Trails are getting more technical, and so are the helmets, with 7iDP's new Project.21 packing in safety features galore


7iDP has launched a new open-face helmet, the Project.21. The name represents the number of vents the helmet has, (21, if you hadn’t gathered that) and is designed for bike park, all-mountain and enduro riders. The combination of cooling and overall coverage aims to keep riders comfortable so they can concentrate on the trail ahead. It will set you back almost £200, thought, which makes it 7iDP’s most expensive open-face helmet.

Conehead uses three layers of EPS foam, where the outer and inner layers both face towards your head, and sandwich a squidgier layer in the middle. The result is better protection for your noggin thanks to more efficient energy dissipation, 7idp says.

7iDP Project.21

We’re guessing the 7iDP Project.21 helmet will be better vented than most, although the angular style won’t suit everyone

It’s been a while since we’ve seen a new open-face helmet from the brand – we last reviewed their M2 back in 2017. So why has the brand decided to launch a brand new, premium offering in this category now, and how will it stack up against the best open-face helmets on the market today? And can it bump the Troy Lee A3 off the top spot?

7iDP Project.21 open-face helmet need to know:

  • The helmet weighs a claimed 402g, and is available in one colour: black holographic
  • It uses 7iDP’s ERT system, crash release visory system, and meets CE, CPSC and AS standards
  • Project.21 helmet costs £199.99
  • Cooling vents number 21 (hence the name), and has Through Flow goggle ventilation
  • Available in sizes XS/S, M/L and XL/XXL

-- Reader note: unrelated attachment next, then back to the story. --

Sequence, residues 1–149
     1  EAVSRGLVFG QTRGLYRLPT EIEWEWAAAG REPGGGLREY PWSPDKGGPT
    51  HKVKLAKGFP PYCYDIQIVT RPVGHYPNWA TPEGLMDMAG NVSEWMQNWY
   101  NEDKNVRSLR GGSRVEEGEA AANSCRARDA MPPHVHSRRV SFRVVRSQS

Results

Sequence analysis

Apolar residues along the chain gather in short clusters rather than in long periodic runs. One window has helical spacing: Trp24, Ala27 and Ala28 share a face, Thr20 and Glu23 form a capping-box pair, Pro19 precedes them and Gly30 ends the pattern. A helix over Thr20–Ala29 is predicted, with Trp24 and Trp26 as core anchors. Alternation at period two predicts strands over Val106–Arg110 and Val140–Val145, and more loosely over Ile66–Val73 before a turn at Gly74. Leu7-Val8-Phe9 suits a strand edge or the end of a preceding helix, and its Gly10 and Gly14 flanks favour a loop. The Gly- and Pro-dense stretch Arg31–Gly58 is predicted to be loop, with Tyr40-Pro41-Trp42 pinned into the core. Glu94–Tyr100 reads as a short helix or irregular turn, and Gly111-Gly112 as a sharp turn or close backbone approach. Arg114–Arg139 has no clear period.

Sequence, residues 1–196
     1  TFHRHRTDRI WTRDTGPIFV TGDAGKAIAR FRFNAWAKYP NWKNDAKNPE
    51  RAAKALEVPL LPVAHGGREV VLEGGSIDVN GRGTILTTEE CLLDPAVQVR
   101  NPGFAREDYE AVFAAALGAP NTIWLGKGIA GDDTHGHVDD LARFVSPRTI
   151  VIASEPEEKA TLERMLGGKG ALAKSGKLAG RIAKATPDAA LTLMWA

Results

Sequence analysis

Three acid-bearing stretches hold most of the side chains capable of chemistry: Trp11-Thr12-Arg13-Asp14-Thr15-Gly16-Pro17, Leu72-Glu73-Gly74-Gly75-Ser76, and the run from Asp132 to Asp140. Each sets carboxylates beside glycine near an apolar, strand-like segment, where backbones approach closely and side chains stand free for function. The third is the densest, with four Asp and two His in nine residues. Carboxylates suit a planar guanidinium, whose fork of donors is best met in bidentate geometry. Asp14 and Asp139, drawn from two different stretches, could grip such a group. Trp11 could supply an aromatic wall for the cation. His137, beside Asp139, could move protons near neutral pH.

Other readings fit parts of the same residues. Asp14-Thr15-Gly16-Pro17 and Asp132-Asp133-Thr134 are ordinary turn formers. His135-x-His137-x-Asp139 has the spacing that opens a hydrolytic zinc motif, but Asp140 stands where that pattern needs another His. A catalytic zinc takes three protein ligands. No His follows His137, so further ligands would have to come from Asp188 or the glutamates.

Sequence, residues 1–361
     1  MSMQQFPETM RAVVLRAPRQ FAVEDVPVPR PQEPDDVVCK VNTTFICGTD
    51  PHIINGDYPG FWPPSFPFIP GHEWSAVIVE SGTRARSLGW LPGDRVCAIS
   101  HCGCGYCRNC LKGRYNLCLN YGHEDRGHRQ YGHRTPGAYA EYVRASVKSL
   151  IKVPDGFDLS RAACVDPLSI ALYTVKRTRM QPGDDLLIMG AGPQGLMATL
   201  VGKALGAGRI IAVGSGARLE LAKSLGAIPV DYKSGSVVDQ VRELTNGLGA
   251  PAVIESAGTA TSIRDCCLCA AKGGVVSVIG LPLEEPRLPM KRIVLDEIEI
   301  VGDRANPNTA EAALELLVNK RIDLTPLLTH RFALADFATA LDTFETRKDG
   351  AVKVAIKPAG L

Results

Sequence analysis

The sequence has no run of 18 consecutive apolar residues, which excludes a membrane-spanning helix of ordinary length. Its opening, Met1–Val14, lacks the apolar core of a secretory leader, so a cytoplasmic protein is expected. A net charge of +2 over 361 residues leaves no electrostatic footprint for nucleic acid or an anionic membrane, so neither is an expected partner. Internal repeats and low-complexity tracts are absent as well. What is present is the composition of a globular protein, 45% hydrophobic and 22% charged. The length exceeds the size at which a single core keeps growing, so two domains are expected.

7iDP Project.21

The 7iDP Project.21 comes with two sets of pad kits to allow you to get the best fit

The technologies

As trails get more technical, or you become more confident in your abilities and want to hit harder obstacles on your bike, you might start to wonder about when you need to transition to a full-face helmet. Project.21 is designed almost to bridge the gap between the two, 7iDP says, with the helmet being their most advanced open-face option to date. The two main bits of tech are the ERT system, which stands for ‘energy reduction technology’, and is a 4mm layer of soft polymer foam that helps to protect further against brain injuries in the case of rotational and linear impacts.

The second bit of tech is the Conehead technology. This relates to the structure of the foam inside the helmet, which is made up of three layers and helps to dissipate the energy generated from various types of hits. In 7iDP’s words, “combining these two technologies makes the Project.21 our safest open-face helmet to date, so you can have even more confidence to tackle technical trails.”

7iDP Project.21

Like its full-face sibling, the Project.21 open-face helmet gets the black/holographic treatment

7iDP Project.21 open-face helmet

You also get the crash release visor (CRV) system, which does as it says – and reduces further rotational impacts in the event of a crash. You also get 21 cooling vents, which is where the name Project.21 comes from, goggle ventilation, a Fidlock magnetic closure and a rear dial aduster.

The helmet looks pretty sleek and is available in one holographic black colourway, and in three sizes (XS/S, M/L, XL/XXL). There’s no MIPS technology here, but it does meet CE, AS and CPSC standards.

It’s priced at £199.99, and stock should be available for UK customers from July.